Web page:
This 19th century prankster from Wisconsin would be a YouTube star today


I found this Milwaukee Sentinel item from 1873 in the Milwaukee Public Library’s card catalog index of the former Hearst newspaper. The story is headlined, “The Boy Who Peppered the Nostrils of 2,000 People.” Some excerpts:

The spirit of malicious mischief which has given to respite to the tortured spirit of George Russ found an aperture for wholesale exit in the numerously attended party at the Harris Works on Friday night. …

On Friday afternoon George purchased a quarter of a pound of cayenne pepper and placed it safely in his outside pocket. That night he attended the party. … Cautiously he entered the crowded room, threading his way here and there, meandering to the right, to the left, forwards, backwards, and as he progressed in his travels the quarter of a pound of cayenne pepper which he had bought in the afternoon, spread itself in serpentine shapes upon the floor of the room./CONTINUES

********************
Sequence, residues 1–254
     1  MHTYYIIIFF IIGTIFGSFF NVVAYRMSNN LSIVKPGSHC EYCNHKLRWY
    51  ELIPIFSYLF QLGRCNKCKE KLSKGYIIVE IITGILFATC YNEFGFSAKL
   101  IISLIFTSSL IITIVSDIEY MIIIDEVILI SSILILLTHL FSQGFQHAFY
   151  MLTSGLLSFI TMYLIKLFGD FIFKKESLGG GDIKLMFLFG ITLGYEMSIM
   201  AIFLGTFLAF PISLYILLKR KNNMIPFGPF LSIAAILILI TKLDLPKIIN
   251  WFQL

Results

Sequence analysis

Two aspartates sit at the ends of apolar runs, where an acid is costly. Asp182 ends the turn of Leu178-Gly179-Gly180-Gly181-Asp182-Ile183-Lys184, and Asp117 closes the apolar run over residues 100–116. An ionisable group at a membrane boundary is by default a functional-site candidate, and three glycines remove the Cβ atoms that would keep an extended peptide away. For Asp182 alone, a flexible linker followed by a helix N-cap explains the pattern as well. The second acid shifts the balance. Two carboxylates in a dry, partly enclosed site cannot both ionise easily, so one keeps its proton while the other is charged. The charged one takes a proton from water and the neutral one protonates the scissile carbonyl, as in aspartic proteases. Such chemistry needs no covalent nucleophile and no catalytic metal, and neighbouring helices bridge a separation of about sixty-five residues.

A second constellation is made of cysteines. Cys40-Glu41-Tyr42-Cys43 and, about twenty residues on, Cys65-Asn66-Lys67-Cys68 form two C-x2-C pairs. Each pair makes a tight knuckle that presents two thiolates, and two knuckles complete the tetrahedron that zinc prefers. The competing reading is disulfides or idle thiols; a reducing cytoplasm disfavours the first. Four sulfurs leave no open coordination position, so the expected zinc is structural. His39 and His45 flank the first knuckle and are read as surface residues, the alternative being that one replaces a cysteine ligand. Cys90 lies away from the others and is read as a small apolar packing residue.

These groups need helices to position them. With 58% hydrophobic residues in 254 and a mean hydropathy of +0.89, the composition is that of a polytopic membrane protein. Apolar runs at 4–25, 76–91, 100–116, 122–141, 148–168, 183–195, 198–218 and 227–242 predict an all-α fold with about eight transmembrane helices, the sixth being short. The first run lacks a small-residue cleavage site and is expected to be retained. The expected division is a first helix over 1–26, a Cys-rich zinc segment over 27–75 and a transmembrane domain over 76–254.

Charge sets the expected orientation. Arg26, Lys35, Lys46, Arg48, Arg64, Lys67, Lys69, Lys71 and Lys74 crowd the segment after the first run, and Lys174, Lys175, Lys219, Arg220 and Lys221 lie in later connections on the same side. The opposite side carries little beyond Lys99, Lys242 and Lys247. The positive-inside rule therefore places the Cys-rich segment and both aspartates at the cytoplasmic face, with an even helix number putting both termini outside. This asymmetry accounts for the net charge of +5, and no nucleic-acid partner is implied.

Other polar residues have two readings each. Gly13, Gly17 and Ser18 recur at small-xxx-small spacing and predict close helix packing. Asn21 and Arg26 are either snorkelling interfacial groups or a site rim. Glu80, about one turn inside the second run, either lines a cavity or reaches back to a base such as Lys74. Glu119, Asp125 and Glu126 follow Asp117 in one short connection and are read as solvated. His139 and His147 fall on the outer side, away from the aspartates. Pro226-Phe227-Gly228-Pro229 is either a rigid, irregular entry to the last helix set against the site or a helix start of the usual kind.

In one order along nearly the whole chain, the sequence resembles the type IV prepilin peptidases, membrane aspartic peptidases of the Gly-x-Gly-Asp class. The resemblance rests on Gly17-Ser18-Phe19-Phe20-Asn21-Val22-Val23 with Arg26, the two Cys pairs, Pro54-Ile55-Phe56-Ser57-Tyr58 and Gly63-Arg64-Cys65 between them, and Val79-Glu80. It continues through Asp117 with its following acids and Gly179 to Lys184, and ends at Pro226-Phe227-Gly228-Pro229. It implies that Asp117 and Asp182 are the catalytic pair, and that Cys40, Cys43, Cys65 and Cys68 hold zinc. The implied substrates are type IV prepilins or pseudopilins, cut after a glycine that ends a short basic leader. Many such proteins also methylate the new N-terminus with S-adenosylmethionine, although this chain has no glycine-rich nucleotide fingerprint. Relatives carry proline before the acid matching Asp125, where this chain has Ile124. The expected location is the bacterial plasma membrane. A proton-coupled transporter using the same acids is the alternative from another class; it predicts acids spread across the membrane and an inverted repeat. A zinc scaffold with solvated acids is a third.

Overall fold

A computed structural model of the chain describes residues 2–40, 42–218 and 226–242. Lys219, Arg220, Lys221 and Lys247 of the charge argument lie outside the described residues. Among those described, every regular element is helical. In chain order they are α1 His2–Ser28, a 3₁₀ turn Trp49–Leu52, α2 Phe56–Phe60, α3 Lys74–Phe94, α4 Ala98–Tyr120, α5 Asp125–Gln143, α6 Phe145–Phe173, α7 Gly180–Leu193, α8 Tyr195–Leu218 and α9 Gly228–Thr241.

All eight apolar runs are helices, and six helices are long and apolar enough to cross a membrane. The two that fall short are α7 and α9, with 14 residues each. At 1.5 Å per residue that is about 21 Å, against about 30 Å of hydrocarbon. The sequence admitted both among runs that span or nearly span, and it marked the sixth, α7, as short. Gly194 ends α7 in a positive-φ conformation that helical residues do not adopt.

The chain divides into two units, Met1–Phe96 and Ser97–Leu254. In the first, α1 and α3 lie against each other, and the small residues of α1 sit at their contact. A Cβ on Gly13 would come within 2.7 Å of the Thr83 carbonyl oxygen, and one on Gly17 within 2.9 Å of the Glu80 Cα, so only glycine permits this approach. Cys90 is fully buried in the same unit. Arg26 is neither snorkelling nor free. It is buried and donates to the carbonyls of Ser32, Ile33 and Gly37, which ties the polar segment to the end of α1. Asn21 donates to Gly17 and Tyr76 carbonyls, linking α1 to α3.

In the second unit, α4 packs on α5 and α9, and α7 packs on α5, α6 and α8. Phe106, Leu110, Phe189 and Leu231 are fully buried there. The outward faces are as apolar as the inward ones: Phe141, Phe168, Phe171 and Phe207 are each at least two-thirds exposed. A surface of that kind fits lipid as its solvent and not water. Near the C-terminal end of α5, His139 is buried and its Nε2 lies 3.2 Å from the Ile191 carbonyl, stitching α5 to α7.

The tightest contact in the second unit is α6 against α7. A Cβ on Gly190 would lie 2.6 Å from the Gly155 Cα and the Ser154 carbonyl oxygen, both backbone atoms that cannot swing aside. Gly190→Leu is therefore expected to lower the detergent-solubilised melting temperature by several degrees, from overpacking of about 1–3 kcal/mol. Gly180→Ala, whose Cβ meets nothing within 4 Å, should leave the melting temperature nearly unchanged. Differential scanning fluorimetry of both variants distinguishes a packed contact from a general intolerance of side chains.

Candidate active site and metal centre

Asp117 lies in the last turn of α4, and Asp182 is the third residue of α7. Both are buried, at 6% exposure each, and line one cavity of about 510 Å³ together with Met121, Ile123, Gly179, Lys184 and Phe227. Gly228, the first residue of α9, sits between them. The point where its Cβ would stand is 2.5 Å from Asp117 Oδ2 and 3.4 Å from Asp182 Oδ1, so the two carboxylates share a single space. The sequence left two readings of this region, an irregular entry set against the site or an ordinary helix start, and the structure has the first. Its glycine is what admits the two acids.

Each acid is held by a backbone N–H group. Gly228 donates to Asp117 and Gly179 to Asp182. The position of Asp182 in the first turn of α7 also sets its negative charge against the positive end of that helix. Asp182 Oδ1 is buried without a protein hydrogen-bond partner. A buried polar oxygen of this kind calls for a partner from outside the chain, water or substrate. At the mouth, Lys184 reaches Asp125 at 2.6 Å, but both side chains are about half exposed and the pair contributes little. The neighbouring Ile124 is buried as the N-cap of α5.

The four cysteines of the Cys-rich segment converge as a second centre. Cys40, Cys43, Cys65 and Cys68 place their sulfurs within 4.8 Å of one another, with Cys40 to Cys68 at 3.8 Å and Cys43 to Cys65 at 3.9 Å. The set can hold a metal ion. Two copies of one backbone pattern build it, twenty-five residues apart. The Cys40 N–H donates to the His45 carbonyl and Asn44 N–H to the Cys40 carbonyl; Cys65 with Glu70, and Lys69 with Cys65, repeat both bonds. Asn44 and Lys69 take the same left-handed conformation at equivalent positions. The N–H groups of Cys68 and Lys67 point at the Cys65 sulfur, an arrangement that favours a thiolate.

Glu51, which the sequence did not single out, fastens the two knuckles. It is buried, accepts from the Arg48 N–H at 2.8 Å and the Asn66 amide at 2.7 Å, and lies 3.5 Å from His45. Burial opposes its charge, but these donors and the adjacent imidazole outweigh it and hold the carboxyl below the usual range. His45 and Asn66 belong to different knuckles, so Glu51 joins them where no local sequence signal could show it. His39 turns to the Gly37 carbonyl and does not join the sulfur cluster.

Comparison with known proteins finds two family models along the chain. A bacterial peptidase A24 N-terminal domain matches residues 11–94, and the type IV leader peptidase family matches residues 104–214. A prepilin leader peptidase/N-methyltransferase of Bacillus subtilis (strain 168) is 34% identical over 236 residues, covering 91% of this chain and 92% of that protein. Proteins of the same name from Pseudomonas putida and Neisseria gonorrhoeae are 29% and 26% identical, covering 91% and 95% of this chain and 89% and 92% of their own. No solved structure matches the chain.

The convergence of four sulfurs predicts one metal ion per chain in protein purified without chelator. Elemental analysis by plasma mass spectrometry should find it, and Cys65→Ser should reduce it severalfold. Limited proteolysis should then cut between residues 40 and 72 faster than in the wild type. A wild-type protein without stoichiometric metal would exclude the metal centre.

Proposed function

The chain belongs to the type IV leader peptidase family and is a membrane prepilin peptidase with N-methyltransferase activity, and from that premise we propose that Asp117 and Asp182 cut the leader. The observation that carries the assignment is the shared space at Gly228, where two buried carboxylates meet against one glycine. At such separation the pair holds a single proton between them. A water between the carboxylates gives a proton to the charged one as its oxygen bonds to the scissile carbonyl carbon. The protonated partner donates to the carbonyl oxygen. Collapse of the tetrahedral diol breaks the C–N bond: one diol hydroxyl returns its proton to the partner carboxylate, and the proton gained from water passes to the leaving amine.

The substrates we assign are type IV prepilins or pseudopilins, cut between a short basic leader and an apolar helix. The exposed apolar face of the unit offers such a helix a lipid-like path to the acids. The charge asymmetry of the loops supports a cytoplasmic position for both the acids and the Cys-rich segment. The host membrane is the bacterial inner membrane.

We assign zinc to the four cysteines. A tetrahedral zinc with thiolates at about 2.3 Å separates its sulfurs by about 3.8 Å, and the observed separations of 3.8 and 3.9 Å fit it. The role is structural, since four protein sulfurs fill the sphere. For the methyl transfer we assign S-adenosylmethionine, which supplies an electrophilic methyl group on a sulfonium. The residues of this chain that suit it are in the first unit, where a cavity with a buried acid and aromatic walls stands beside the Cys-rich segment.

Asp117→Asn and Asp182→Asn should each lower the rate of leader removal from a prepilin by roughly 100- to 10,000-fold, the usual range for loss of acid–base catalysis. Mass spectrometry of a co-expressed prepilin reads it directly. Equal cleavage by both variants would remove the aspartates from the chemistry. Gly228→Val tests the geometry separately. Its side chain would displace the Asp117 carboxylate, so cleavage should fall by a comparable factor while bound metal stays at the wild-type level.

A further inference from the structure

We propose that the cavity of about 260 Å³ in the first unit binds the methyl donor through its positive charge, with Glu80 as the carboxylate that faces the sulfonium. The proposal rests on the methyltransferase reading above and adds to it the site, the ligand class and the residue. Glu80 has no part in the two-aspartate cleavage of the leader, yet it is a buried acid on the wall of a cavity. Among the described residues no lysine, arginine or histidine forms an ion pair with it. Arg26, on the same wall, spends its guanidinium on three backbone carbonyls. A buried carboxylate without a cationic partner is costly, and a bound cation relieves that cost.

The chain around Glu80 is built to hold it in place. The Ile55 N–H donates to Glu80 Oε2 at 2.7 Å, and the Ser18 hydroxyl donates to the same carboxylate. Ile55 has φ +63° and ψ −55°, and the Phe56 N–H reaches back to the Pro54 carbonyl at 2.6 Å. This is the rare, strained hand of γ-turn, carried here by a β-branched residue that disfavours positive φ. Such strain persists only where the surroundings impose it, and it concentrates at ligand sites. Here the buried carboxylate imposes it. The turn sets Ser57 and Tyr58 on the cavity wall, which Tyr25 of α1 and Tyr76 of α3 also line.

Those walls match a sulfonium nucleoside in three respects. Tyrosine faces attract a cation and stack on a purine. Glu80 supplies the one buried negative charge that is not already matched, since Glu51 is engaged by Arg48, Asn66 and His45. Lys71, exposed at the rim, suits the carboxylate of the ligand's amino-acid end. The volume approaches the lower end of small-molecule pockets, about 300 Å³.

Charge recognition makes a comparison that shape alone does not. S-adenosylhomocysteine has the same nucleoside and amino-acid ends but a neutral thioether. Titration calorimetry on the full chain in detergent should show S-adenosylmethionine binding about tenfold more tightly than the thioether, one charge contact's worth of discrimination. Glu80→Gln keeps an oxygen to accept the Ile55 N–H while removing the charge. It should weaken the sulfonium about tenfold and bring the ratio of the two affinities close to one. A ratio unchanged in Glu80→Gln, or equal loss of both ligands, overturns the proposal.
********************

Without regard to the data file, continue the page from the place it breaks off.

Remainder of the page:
Then George withdrew to a retired corner and enjoyed the sneezing and the excited remarks of his two thousand victims.

He went home happy that night and doubtless would have been so still had not Marshal Crotzenberg pulled him from under the sidewalk on North Main street last Saturday afternoon and taken him to jail. This morning he was brought to the presence of Justice Smith to answer to a criminal charge, and the upshot of the affair is that he is sentenced to forty days in jail and a fine of $14.00. The sentence is a severe one, but the offense, given perhaps more in a spirit of mischief than malice, was of an aggravated nature, and George must furnish the example for scores of other boys who are ripe for just such fun.